One of my goals for 2012 is to write in my blog once a week, a goal more easily accomplished now that Ken is a full-time student who works weekends. It's a rough schedule for him but it means I have access to the desk computer on Sunday afternoons. I could use my laptop to write but it's just not as handy. Sometimes I simply need a mouse rather than a mousepad.
I had started a post in November highlighting the Ig Nobel Prize, awarded for Improbable Research (motto: "For achievements that first make people LAUGH then make them THINK"); the Prize is still worth mentioning. It proves that no field is so highly regarded that it can't be poked fun at. We've all heard of peculiar scientific studies. A local study of Orca poop was recently highlighted in the news, most likely due to Tucker, the dog whose sniffing ability helps locate the floating poop. Who can resist a story like that?
Let's return to the Ig Nobels. Among the 2011 winners are studies on:
- the ideal density of airborne wasabi particles needed to wake people who are sleeping, leading to the invention of a Wasabi Alarm. (Chemistry)
- contagious yawning among red-footed turtles. (Physiology)
- using procrastination to get things done. (Literature)
- a certain kind of beetle that mates with a certain kind of Australian beer bottle. (Biology)
Those are actual studies and you really should take a look. You can browse the winners all the way back to 1991.
There's a noticeable rise in grammar humor. One of my favorite posters comes from The Oatmeal, a Seattle-based cartoonist with a curmudgeonly attitude. There's often a swear word or two included (heads up) but some of his work is really funny, about all kinds of things. I should just give in and buy his "How To Use An Apostrophe" poster.
In other Grammar News Online, there's a deep debate going on about the Serial Comma vs the Oxford Comma. It's surprising how hotly this is being discussed in blogs and on Twitter and Facebook. People have strong feelings about it. I prefer to use the Oxford comma. Want to know why? Look here for an explanation of the difference between them. I bet it will make you smile. There's an even funnier but mildly disturbing example out there involving JFK, Stalin, and two strippers. (That sounds like grist for a terrible joke, doesn't it?) This particular example is all over the Web, noted in a blog as recently as the 24th. You can see it here. Don't say I didn't warn you.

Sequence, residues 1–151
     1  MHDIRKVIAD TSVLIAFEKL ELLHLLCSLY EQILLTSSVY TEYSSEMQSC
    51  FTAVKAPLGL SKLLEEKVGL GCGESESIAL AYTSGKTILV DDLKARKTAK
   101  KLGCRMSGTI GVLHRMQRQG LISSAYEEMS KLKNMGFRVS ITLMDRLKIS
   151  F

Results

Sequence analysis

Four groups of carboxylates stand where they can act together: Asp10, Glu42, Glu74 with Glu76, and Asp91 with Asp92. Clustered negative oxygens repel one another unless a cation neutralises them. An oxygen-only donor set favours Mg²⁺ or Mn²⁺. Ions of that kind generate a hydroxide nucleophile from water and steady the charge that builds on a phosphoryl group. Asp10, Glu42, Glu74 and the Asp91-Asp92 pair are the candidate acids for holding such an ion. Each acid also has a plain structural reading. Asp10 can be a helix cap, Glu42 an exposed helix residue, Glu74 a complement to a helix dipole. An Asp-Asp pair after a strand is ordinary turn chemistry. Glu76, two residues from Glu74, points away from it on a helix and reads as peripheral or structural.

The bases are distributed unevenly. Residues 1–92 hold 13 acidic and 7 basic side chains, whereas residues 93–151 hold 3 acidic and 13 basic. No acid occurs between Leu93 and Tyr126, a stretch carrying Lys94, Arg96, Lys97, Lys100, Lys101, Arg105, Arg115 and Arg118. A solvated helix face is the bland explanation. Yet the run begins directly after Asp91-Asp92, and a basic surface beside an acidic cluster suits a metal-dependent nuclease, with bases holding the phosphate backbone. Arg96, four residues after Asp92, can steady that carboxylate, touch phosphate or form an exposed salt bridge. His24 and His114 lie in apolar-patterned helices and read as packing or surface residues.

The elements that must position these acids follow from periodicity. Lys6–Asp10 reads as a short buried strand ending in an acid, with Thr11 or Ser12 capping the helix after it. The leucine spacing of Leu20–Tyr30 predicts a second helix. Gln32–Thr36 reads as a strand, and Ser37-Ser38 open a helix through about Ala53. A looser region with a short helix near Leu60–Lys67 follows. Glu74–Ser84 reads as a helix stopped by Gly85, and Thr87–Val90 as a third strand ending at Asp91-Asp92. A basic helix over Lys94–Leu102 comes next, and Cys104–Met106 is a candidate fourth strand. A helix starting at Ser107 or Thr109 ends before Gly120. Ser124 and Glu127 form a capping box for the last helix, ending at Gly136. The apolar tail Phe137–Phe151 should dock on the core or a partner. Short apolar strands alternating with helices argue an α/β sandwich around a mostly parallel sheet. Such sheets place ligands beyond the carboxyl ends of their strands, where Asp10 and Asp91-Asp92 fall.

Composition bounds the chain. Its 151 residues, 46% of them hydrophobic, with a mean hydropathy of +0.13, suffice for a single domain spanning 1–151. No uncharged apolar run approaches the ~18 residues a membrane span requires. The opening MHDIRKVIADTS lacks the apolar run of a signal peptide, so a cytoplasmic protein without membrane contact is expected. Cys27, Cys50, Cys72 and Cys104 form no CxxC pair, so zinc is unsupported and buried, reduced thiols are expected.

Have you heard of the Society for the Promotion of Good Grammar? They have a website. SPOGG is as bad as I am about posting - the last entry was in October - but it's a good place to browse if you're a grammar or word nerd. People send in spelling and grammatical errors that they happen upon. It reminds me of the Blog of Unnecessary Quotation Marks. Oddly enough, I'm currently reading a book written by Martha Brockenbrough, SPOGG founder. The book, "Things That Make Us [sic]," takes on "Madison Avenue, Hollywood, the White House, and the world." Ms. Brockenbrough muses upon the errors and eccentricities of the English language, highlighting mistakes in letters, speeches, emails, and classified ads. I enjoyed this excerpt from a letter written by Lord Chesterfield to his son in 1750:
"You spell induce, enduce; and grandeur, you spell grandure; two faults of which few of my housemaids would have been guilty. I must tell you that orthography, in the true sense of the word, is so absolutely necessary for a man of letters, or a gentleman, that one false spelling may fix ridicule upon him for the rest of his life; and I know a man of quality, who never recovered the ridicule of having spelled wholesome without the w."
Good spelling matters, always.
Finally, if you need a small diversion, you can discover what typeface you are. It's based entirely on your name and is pretty silly but, for what it's worth, I am Pistilli Roman.
Overheard on Twitter: Kid: "How do you spell America?" I'm going to file this under reference-questions-that-sound-like-country-songs.
See you next week.